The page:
Can Of Corn Origin

Major League Baseball’s season begins this Sunday, April 3rd, when the St. Louis Cardinals visit the Pittsburgh Pirates. If you are a fan of America’s Pastime, you are well aware of the sport’s many food related terms.

It is not uncommon to see a batter step up to the plate (home base) and be peppered with some high cheese (a fastball located high in the strike zone) featuring a little extra mustard (velocity). You may also see one team receive some home cooking (favorable calls while playing at their home ballpark), allowing them to set the table (get runners on base in front of the power hitters in the lineup) ahead of the meat of their order (batters 3, 4 & 5 in their lineup). The batter at the dish (home base) could hit a grand slam (not the Denny’s kind) or they could get robbed when the outfielder makes a snow cone catch (a catch made with the ball barely caught in the tip of a glove’s webbing).

This smorgasbord of baseball sayings has led me to wonder about another food-related term…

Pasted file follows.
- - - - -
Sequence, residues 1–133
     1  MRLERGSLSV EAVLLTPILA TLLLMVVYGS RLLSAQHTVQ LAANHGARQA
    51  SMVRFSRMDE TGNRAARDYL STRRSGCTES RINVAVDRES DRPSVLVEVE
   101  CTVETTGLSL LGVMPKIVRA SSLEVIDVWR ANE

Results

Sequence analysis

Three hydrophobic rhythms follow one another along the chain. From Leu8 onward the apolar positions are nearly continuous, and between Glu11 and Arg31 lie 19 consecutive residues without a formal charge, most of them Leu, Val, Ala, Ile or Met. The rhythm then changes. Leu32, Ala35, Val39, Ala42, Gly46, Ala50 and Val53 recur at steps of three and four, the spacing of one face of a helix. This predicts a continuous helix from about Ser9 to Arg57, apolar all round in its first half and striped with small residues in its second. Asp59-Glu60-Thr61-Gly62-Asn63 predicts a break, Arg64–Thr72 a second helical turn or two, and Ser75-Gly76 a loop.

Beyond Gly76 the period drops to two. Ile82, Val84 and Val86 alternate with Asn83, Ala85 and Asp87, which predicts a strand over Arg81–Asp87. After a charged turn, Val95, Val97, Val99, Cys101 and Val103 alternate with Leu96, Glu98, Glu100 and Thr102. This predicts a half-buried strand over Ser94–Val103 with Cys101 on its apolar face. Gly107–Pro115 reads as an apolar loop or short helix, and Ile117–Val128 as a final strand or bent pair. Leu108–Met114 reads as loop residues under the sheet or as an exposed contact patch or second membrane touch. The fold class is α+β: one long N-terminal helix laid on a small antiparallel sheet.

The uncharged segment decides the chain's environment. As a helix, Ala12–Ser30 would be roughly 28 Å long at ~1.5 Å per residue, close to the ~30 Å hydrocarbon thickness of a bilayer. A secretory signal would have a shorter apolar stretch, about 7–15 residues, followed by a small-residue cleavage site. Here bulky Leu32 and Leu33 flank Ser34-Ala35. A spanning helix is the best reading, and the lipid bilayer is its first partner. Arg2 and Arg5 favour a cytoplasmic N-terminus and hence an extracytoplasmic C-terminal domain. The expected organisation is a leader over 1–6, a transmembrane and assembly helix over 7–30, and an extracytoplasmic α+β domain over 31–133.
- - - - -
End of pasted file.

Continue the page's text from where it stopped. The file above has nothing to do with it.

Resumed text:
Wonder Why Wednesday: Where Did The Term ‘Can of Corn’ Come From?

One popular baseball term is the “Can of Corn.” This refers to a ball that is hit right to a fielder, creating an easy catch. It is also known as a lazy fly ball or an easy pop out, both of which make sense.

But can or corn? Where does that come from?

According to, the phrase dates back to the 19th century when “old time grocers would access cans of corn high on the shelf by knocking it down with a stick and catching it ‘easily’.” The ball floating effortlessly into an outfielder’s glove resembles the can falling slowly off the shelf, into the waiting hands of the grocer.

Makes sense.


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